Working Under Netanyahu, Professional Considerations Were '50 Shades of Gray,' Witness Says

‘The professional side was dominant – sometimes more and sometimes less,’ said Shlomo Filber about his decision-making when he was director general of the Communications Ministry

Netael Bandel
Netael Bandel
Shlomo Filber at Jerusalem District Court on Monday.
Shlomo Filber at Jerusalem District Court on Monday.Credit: Ohad Zwigenberg
Netael Bandel
Netael Bandel

Shlomo Filber, the former director general of the communications ministry who turned state's evidence in the criminal case against then-Prime Minister Benjamin Netanyahu, testified on Monday that regarding his own decision-making at the ministry, "the professional side was dominant – sometimes more and sometimes less.”

Filber’s decision-making is at issue in Netanyahu’s trial in Jerusalem District Court due to charges that the former prime minister illegally struck an agreement to trade favorable government regulatory policy for the Bezeq telecommunications company for positive coverage of him and his family on the Walla news website, which Bezeq owned at the time.

Among the codefendants in the case are Shaul Elovitch, the controlling shareholder of Bezeq at the time, and Elovitch’s wife, Iris.

“Ultimately, it’s a matter of 50 shades of gray. The court will decide the percentages,” Filber said regarding the extent to which the ministry decisions were motivated by professional considerations.

Filber (left) entering the courtroom in Jerusalem last week.

At Monday’s hearing, Shaul Elovitch’s lawyer, Jacques Chen, continued to try to establish that Filber had pursued ministry policy regarding the Bezeq group’s corporate structure solely for professional reasons and not in connection with a bribery scheme, as the indictment in the case alleges. Chen cited a 2015 speech that Filber gave about Bezeq’s plans to create a national fiber optic network in exchange for the corporate structural changes. Filber testified Monday that that plan was his own and had not been forced on him.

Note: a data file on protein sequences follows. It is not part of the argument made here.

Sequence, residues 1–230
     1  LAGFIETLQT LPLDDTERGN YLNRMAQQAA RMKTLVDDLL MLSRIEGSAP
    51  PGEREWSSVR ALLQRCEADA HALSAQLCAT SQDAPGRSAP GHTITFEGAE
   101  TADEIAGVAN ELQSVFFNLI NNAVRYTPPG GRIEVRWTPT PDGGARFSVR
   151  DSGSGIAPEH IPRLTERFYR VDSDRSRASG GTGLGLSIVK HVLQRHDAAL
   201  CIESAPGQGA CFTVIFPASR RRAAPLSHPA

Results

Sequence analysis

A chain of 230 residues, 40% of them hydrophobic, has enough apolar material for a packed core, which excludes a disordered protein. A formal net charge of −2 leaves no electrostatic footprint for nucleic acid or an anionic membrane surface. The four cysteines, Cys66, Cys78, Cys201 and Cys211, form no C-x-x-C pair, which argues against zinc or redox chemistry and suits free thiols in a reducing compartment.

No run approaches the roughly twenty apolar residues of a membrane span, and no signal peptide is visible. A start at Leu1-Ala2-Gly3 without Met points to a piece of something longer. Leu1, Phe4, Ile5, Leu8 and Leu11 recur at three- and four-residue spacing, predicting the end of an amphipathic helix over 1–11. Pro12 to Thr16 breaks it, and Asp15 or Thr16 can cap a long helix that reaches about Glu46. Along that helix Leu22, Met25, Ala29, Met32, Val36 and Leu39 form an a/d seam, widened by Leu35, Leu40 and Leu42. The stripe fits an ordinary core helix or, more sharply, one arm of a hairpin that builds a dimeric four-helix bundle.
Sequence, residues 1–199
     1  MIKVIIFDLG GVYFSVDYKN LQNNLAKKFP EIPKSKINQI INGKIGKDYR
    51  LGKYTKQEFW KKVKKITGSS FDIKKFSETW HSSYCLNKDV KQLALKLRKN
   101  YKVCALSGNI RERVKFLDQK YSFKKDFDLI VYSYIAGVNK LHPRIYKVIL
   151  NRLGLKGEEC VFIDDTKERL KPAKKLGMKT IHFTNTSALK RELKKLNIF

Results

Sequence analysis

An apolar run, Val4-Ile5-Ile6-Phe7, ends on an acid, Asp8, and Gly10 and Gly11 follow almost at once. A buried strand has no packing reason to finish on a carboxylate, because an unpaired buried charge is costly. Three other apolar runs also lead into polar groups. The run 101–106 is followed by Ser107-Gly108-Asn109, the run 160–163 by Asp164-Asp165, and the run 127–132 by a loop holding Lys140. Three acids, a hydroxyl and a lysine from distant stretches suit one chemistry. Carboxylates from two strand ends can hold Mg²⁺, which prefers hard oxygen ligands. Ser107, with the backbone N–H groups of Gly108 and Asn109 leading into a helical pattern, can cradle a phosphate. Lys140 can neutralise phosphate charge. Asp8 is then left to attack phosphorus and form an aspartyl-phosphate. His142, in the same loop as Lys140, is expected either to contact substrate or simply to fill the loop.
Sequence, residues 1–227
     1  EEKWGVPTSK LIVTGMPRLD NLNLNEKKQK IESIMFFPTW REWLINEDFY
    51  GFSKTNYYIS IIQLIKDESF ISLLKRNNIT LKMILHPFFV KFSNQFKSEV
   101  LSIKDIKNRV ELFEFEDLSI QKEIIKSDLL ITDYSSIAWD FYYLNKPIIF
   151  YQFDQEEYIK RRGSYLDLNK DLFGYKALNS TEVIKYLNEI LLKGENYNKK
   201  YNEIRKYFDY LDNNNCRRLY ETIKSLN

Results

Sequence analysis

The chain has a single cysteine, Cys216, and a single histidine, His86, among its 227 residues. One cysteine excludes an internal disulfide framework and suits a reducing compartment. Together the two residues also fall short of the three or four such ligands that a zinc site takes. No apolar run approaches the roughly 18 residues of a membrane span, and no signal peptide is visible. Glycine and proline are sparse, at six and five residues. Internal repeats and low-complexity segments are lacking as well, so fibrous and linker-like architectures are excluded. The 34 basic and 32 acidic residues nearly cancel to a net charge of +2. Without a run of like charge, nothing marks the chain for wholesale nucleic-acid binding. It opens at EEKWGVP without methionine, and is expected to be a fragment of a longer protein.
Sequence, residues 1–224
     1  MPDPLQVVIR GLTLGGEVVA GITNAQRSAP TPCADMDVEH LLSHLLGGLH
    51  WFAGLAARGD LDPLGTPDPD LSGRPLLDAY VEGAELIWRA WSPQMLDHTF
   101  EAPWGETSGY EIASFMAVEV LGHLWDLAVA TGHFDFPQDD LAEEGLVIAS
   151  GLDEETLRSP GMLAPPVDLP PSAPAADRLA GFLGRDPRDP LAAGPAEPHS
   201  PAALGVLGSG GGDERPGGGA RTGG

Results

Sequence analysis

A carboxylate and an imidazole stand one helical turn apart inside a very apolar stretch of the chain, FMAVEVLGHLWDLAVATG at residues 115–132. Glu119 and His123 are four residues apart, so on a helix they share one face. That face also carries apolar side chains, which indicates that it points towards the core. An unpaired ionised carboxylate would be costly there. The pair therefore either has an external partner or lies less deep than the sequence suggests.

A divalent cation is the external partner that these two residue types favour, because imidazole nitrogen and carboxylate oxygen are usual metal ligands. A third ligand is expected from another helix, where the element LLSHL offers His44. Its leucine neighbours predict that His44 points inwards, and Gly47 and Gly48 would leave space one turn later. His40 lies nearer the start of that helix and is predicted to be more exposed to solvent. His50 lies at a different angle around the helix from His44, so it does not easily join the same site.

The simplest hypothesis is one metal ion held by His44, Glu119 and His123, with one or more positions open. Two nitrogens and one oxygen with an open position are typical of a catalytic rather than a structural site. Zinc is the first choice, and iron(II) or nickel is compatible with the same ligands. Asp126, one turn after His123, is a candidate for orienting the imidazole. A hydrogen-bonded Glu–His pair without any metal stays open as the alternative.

From 2015 to early 2017, Netanyahu was communications minister in addition to prime minister, after which Tzachi Hanegbi became acting minister. In Monday’s testimony, Filber said that in his first conversation with Netanyahu as director general, he understood that “you don’t pick a fight with Bezeq.”

But he added that when Hanegbi was put in charge with dealing with Bezeq, Filber had no dealings with Netanyahu on the subject and that during his time as director general, he never took a decision that he didn’t believe in.

“Netanyahu approached me to do things. I went up to him in his office and said that I wouldn’t do it,” Filber said, suggesting that he didn’t simply do whatever Netanyahu wished.

Filber’s agreement to turn state’s evidence includes provisions that he himself would not be prosecuted. But in late March, the prosecution asked the court to declare him a hostile witness, claiming that he had failed to live up to the agreement and had given testimony in court that was at odds with what he said under police interrogation.

The court ruled that he would not be declared a hostile witness. The panel of three judges did agree, however, to permit the prosecution to ask Filber leading questions as would normally be done with a witness for the opposing side. That permits the prosecution to confront him on his prior statements.

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